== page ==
Travel photography is, on the surface, a very simple endeavor. Go to a faraway place, stand in front of something you can’t see at home, and take a picture. What’s so hard about that? Well, that may well be the recipe for generations of boring family albums. Find out how to up your photography game when you’re exploring the world by joining @NatGeoTravel’s Dan Westergren for a live photo workshop at 1 p.m. ET on Thursday, October 2.
Amy Toensing, an American photojournalist committed to telling stories with sensitivity and depth, is known for her intimate essays about the lives of ordinary people. A regular contributor to National Geographic and National Geographic Traveler magazines, Toensing’s assignments have taken her all around the world, from the Jersey Shore to the remote jungles of Papua New Guinea. Here’s a look at the world through this award-winning photographer’s unique lens.
A National Geographic Traveler editor goes behind the lens with photo legend Steve McCurry.
Have you ever wondered what makes an award-winning photograph? Here’s your chance to find out. Join the judges of the 2014 Traveler Photo Contest for a Google+ Hangout On Air, and get the inside scoop on how they chose this year’s winners (they’ll be announced at the end of July!) from more than 18,000 submissions.
Photos can be a wonderful way of sharing meaningful experiences with others, but I worry that my attempts to document the moment make being present in it a challenge. Does photography support awareness of my immediate experience, or detract from it?
Joel Sartore is, among other things, a lifelong Nebraskan, an Eagle Scout, and a veteran photographer for National Geographic magazine. He’s also someone who cares deeply about the fate of our planet, and the species that depend on it, including us. Here’s a look at the world and all that’s in it through Joel Sartore’s unique lens.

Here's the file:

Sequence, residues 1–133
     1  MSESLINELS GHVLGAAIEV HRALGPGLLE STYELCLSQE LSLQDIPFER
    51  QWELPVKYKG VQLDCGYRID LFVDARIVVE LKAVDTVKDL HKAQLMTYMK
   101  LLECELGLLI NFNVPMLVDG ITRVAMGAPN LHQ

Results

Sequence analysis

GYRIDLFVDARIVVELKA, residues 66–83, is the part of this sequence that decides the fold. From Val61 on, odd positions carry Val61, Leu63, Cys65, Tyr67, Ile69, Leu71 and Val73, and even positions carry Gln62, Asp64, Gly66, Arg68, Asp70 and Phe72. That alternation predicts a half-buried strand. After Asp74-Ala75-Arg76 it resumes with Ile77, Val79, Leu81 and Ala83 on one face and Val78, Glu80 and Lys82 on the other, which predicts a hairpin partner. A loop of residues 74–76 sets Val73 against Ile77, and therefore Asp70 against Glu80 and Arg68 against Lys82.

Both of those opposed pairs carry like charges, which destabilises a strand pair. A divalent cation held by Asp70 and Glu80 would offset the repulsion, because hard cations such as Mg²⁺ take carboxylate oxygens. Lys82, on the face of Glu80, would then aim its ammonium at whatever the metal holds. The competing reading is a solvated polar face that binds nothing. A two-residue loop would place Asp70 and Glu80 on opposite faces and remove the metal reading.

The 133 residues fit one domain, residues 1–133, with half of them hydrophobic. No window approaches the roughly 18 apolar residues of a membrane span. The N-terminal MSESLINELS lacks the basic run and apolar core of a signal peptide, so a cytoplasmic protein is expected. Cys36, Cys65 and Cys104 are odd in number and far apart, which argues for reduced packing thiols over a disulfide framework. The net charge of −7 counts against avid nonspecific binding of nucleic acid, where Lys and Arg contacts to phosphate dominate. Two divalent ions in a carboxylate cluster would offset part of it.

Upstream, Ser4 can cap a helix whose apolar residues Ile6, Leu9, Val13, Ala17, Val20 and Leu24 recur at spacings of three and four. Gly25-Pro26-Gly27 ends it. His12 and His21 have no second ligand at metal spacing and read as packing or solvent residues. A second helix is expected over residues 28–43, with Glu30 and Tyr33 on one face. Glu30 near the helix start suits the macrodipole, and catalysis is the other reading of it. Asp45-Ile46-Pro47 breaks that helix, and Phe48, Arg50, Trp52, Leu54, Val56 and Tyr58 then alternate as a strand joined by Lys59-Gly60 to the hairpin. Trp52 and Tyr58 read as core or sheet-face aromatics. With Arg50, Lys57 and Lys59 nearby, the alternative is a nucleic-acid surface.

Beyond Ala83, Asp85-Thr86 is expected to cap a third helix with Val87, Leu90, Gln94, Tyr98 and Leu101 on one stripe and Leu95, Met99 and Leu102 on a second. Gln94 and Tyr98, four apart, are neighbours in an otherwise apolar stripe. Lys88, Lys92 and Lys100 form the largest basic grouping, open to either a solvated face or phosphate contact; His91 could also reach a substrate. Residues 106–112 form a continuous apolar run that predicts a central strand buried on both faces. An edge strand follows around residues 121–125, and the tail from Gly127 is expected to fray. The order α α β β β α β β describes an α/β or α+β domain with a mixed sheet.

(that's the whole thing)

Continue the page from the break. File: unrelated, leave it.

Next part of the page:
This year’s National Geographic Traveler Photo Contest is winding down. So far, the entries have been surprising and stunning, but the winners are far from being chosen.
The June 30 deadline is fast approaching, but there’s still time to throw your hat in the ring. Here’s how to enter–and what you could win.
Dan Westergren is the director of photography for National Geographic Traveler. Though he had an early affinity for black and white photography, being responsible for a travel magazine’s photographic vision means Dan is, in his words, “surrounded by a rainbow riot of color digital images” on a daily basis. Beyond his exceptional eye for editing,…
If you approach America’s national parks like a nature photographer, not only will you get memorable images, but also you’ll experience the parks at their inspiring best. Here’s how.
Washington, D.C.’s famous cherry trees are nearing full bloom. Last spring, Nat Geo Travel took you there in real time with Dan Westergren, the head of photography for Traveler magazine, leading the way. Dan went down to one of the District’s most photogenic spots—the Tidal Basin—to capture this world-class capital city in all its springtime glory and offer…
When you work at National Geographic, one of the first questions people ask is if you get to travel. The answer is often yes, but one of the best parts of the job is being surrounded by sharp, globe-trotting people, and getting to hear their stories. That’s why we asked folks on National Geographic’s Travel team to share a story about the best trip they’ve taken in the past year with our Intelligent Travel readers.
The 26th annual National Geographic Traveler Photo Contest is winding down. The magazine will be awarding seriously spectacular prizes this year, so don’t miss your chance to win. Enter today!